Supreme Court Weekly Round Up

Sanya Talwar

10 May 2020 10:54 AM GMT

  • Supreme Court Weekly Round Up

    Weekly Round Up Of The Supreme Court Of India [Week Commencing May 4, 2020 To May 10, 2020]

    1. SARFEASI Act Applicable To Cooperative Banks : SC [Pandurang Ganpati Chaugule and others V. Vishwasrao Patil Murgud Sahakari Bank Limited]The Supreme Court held that the Securitization and Reconstruction of Financial Assets and Enforcement of Security (SARFREZI) Act, 2002 is applicable to Cooperative banks. A Constitution Bench comprising Justices Arun Mishra, Indira Banerjee, Vineet Saran,...

    1. SARFEASI Act Applicable To Cooperative Banks : SC  [Pandurang Ganpati Chaugule and others V. Vishwasrao Patil Murgud Sahakari Bank Limited]

    The Supreme Court held that the Securitization and Reconstruction of Financial Assets and Enforcement of Security (SARFREZI) Act, 2002 is applicable to Cooperative banks. A Constitution Bench comprising Justices Arun Mishra, Indira Banerjee, Vineet Saran, M R Shah and Aniruddha Bose upheld the 2003 notification issued under the Banking Regulation Act of 1949, by which co­operative bank was brought within the class of banks entitled to seek recourse to the provisions of the SARFAESI Act. Thus, the court held that Parliament had the legislative competence to bring cooperative banks under the ambit of SARFAESI Act.

    2. Order XXIII Rule 3A CPC: Bar To File Separate Suit Challenging Compromise Decree Applies To Stranger Also: SC [Triloki Nath Singh V. Anirudh Singh]

    The Supreme Court held that the bar under Order 23 Rule 3A Civil Procedure Code to challenge a decree passed on a compromise in a separate suit, also applied to a stranger to the proceedings. A bench comprising Justices AM Khanwilkar and Ajay Rastogi examined the intent behind amending Order 23 and observed that "Finality of decisions is an underlying principle of all adjudicating forums. Thus, creation of further litigation should never be the basis of a compromise between the parties"

    3. [Contract Act] Sec 32 Instead Of Sec 56 Applies When Parties Agree In Advance On Contingency Which Makes Performance Impossible : SC [National Agricultural Cooperative Marketing Federation V Alimenta SA]

    While discussing circumstances under which provisions of Sections 32 and 56 of the Indian Contract Act, 1872 applied, the Supreme Court considered the incidental question of whether the contract had become void under Section 32 or Section 56 of the Contract Act. A bench of Justices Arun Mishra, M R Shah and B R Gavai noted that the contract in this particular case had a clear stipulation regarding the necessity of Government sanction, without which export would be impossible. Thus, Section 32 - which applies in case the agreement itself provides for contingencies upon happening of which contract cannot be carried out, would apply. Apart from that, another main point in this case was whether a foreign award was opposed to public policy of India and was therefore unenforceable? [A Report on which may be read here]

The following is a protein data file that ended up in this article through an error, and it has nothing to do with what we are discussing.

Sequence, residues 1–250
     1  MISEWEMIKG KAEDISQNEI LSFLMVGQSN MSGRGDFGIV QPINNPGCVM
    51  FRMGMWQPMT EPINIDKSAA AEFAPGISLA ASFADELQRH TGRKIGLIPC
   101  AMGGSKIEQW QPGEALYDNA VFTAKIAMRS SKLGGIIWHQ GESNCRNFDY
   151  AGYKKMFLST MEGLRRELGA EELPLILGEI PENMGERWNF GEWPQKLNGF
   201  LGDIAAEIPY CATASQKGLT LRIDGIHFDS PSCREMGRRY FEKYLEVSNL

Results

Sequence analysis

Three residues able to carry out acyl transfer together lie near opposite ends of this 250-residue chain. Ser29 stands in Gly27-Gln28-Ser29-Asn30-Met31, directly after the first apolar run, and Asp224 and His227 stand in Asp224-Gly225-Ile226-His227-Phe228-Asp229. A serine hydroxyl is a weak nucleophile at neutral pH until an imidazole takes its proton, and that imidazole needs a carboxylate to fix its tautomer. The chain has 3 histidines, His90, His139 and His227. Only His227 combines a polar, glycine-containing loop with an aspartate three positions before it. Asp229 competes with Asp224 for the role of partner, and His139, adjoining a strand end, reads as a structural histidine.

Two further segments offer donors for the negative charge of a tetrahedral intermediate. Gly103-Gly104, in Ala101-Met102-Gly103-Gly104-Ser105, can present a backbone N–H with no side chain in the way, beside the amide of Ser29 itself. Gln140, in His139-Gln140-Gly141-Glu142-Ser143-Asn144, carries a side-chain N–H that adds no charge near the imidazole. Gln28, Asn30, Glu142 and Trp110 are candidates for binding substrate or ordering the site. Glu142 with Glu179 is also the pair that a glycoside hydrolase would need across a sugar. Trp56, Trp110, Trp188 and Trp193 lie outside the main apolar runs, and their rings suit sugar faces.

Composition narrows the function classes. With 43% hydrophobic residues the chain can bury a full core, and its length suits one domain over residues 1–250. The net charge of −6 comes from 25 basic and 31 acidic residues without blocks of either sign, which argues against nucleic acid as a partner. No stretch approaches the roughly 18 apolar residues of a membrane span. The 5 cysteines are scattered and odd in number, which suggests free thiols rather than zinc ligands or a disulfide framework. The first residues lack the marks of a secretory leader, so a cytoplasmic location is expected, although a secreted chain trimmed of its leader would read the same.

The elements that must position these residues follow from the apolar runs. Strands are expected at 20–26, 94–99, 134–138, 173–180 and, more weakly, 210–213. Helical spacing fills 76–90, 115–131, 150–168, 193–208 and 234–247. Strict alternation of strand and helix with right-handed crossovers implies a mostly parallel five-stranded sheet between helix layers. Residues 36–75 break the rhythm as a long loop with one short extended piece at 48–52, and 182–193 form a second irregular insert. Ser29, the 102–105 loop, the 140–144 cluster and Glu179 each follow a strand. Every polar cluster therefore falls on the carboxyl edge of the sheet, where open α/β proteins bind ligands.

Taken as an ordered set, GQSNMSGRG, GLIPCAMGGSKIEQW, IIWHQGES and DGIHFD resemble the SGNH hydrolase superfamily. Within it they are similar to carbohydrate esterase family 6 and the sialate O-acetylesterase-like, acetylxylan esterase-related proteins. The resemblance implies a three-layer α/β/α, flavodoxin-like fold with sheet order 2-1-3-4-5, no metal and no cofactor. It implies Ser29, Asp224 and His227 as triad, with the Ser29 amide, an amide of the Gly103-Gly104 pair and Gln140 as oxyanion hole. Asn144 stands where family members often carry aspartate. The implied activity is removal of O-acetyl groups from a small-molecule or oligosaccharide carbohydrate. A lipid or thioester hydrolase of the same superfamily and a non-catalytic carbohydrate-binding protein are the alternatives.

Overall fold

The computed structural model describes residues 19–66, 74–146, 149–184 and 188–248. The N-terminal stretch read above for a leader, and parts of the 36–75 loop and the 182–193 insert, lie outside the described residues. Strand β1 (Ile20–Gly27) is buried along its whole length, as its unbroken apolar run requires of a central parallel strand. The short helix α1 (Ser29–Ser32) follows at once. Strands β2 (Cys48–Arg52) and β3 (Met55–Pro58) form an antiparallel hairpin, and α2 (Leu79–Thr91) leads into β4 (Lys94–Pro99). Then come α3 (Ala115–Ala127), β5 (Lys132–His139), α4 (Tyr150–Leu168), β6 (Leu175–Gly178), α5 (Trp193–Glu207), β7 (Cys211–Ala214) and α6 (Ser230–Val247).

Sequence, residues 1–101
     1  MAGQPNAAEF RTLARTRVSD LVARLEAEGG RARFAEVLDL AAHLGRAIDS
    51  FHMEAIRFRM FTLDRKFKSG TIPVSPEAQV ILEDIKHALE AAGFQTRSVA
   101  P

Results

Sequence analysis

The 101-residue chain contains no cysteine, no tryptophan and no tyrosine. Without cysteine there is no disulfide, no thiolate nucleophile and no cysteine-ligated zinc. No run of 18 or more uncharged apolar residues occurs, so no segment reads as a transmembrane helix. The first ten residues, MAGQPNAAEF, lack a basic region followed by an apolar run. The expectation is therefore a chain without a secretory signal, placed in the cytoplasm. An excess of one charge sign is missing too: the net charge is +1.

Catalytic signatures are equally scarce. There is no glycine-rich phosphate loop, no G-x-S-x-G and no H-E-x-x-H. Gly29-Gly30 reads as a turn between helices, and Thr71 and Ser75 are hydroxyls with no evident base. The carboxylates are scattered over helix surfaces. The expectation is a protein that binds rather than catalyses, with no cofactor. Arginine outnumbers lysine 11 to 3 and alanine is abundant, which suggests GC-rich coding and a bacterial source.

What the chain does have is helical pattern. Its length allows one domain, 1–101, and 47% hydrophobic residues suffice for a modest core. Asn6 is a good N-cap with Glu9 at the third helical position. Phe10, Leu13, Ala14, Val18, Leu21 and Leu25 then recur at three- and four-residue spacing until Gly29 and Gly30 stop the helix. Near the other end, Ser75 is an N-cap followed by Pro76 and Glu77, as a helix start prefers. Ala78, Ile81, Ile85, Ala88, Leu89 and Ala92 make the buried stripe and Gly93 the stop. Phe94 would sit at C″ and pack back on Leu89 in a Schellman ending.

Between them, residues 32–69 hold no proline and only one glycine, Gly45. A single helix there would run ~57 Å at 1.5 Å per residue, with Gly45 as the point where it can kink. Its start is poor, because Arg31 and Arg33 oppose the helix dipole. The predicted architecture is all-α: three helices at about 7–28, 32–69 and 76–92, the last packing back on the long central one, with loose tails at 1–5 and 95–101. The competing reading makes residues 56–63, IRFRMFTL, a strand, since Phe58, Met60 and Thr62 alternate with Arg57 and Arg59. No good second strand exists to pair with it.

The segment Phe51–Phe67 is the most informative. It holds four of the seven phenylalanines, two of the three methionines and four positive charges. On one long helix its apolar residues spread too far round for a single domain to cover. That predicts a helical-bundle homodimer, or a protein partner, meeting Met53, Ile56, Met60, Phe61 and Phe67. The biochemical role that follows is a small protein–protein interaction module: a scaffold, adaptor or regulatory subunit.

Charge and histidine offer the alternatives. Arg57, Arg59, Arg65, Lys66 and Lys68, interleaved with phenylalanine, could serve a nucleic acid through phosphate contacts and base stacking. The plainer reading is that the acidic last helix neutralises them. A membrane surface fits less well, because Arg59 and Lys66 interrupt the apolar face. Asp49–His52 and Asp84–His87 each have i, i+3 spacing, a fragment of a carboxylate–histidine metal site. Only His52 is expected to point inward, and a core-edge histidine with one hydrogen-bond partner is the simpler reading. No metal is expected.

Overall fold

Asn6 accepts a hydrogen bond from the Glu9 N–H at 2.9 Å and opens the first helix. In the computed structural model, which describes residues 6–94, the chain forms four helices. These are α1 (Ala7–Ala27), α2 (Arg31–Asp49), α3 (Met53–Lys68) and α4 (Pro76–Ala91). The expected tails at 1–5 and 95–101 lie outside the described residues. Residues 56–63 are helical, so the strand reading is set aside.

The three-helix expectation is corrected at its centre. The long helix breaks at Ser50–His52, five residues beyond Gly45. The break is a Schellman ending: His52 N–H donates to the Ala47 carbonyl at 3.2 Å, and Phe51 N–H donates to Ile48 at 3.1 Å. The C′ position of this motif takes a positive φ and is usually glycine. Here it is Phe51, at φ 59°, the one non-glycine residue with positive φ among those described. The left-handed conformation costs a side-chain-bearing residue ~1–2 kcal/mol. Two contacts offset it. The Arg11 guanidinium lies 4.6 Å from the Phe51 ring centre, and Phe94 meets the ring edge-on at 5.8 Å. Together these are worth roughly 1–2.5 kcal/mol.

4. HC May Decline To Entertain A Writ Petition Which Raises Complex Questions Of Facts: SC [Punjab National Bank Vs. Atmanand Singh]

    "The High Court may decline to entertain a writ petition when it raises complex questions of facts" the Supreme Court reiterated. A bench of Justices AM Khanwilkar and Dinesh Maheshwari noted that "when the petition raises questions of fact of complex nature, such as in the present case, which may for their determination require oral and documentary evidence to be produced and proved by the concerned party and also because the relief sought is merely for ordering a refund of money, the High Court should be loath in entertaining such writ petition and instead must relegate the parties to remedy of a civil suit."

    5. Accused Can Challenge Conviction In Appeal Filed By The State Even If He Did Not Prefer A Formal Appeal: SC [State of Rajasthan V. Mehram]

    The Supreme Court observed that an accused can challenge the finding and order of conviction in the appeal filed by the State, even though the said accused had not preferred a formal appeal. A bench of Justices AM Khanwilkar and Dinesh Maheshwari accepted the contention that the accused had a right to challenge the finding of guilt and conviction under Section 326 and 148, IPC, recorded against him, even though the said accused had not preferred a formal appeal against the impugned judgment. Court relied on Chandrakant Patil vs. State through CBI, Sumer Singh vs. Surajbhan Singh & Ors., State of Rajasthan vs. Ramanand vis-à-vis the settled legal position which predicates that in the appeal filed against the sentence on the ground of its inadequacy, the accused may plead for his acquittal or for reduction of the sentence.

    6. HC Cannot Disregard Statutory Limitation Period To Entertain Writ Petition Challenging Order Passed By Statutory Authority: SC [Assistant Commissioner (CT) LTU, Kakinada V. M/s. Glaxo Smith KlineConsumer Health Care Limited]

    The Supreme Court observed that a High Court cannot disregard the statutory limitation period to entertain writ petition assailing orders passed by statutory authorities which were not appealed against before the expiry of the maximum limitation period. A bench of Justices AM Khanwilkar and Dinesh Maheshwari held that "the powers of the High Court under Article 226 of the Constitution are wide, but certainly not wider than the plenary powers bestowed on this Court under Article 142 of the Constitution. Article 142 is a conglomeration and repository of the entire judicial powers under the Constitution, to do complete justice to the parties".

    7. SC Extends Limitation Under Arbitration Act & Sec 138 Of Negotiable Instruments Act With Effect From March 15 [IN RE : Cognisance For Extension of Limitation]